Gate of Rage: A Novel of One Family Trapped by the Events at Tiananmen Square

C. Y. Lee, Author William Morrow & Company $20 (309p) ISBN 978-0-688-09764-6
Though his prose is never more than serviceable, the author of Flower Drum Song has written a provocative novel which he opens with a flourish: in 1980, Charles Hong returns to China after 32 years to meet his son, Jimmy, for the first time. An American citizen, Charles had fled Mao's armies in 1948, knowing neither that his wife was pregnant nor that she would be unable to follow him. Now a Hong Kong hotel tycoon, Charles begins to invest in Deng Xiaoping's modernization programs as he becomes involved with Jimmy and his wife, Do Do, a politically active radio reporter. Lee gives a clear picture of complex family relations: the wife Charles left, now dead, had an illegitimate, half-Caucasian son; Charles has remarried, to a stunning, much younger woman whose motives are suspect, and they are parents to teenager Raymond. These characters are concerned with political developments, from the Open Door policy to the encouragement of free markets. But the pivotal figure here is Do Do, who becomes immersed in the crucial events leading up to the infamous massacre at Tiananmen Square. Lee slowly builds to this climactic bloodbath, but his hasty reconciliation of subplots detracts from the intensity of the brutal historic moment. (Aug.)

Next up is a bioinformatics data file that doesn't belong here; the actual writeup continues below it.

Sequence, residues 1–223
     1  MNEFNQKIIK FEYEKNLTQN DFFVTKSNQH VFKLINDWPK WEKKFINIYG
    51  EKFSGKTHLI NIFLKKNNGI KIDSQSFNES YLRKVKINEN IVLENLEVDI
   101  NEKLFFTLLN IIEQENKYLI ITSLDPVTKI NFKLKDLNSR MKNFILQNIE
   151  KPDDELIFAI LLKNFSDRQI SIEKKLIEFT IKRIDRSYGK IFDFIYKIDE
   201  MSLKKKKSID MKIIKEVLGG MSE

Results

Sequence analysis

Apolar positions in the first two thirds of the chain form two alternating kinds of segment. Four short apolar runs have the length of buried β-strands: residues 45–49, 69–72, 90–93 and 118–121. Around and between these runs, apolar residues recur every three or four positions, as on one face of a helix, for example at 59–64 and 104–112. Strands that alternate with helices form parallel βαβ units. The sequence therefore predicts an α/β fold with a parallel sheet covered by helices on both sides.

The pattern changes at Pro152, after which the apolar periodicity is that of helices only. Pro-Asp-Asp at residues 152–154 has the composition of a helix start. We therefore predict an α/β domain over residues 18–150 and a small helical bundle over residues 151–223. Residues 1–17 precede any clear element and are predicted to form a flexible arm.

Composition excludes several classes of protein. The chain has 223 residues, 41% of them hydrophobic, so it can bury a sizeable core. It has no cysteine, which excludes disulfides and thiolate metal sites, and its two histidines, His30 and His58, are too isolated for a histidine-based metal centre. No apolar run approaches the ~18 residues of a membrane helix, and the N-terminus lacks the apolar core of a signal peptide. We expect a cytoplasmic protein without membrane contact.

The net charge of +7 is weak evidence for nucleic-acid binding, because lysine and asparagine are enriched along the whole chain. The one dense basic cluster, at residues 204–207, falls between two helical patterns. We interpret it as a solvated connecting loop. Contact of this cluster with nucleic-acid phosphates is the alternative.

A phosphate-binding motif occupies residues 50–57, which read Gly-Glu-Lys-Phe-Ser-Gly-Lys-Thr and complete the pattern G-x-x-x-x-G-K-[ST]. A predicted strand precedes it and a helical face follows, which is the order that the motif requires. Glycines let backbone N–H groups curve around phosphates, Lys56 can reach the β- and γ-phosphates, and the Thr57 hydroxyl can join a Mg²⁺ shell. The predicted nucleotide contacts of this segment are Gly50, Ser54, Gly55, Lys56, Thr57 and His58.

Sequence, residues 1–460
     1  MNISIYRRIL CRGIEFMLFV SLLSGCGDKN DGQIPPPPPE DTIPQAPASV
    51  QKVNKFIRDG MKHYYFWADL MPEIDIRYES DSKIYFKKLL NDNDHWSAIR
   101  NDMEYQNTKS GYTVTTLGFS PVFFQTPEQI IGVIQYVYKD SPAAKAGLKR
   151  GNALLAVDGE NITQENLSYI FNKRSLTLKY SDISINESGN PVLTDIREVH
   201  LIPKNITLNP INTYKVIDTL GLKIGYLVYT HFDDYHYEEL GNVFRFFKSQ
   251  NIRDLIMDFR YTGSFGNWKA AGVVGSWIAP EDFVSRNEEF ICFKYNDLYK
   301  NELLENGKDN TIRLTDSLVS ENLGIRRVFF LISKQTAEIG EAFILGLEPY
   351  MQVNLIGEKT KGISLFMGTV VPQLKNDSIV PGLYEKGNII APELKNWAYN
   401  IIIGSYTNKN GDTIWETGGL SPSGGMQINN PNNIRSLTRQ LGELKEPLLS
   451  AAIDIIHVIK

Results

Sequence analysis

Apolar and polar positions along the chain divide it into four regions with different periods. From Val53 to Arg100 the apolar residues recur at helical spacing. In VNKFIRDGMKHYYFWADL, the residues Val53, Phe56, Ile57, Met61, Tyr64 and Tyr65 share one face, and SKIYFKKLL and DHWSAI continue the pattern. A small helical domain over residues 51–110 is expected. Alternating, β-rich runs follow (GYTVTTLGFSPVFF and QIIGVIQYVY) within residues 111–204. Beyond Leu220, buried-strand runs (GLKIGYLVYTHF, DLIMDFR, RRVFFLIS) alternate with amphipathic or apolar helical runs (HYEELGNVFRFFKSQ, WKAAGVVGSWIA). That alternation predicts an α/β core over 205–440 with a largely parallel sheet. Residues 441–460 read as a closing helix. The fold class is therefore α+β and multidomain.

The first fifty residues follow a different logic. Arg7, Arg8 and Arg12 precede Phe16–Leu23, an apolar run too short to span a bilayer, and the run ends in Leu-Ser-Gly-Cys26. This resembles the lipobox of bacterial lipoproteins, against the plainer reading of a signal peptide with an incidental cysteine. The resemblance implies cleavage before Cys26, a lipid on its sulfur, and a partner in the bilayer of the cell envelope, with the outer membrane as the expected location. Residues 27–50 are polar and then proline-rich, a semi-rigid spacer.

Reviewed on: 07/29/1991
Release date: 08/01/1991
Genre: Fiction
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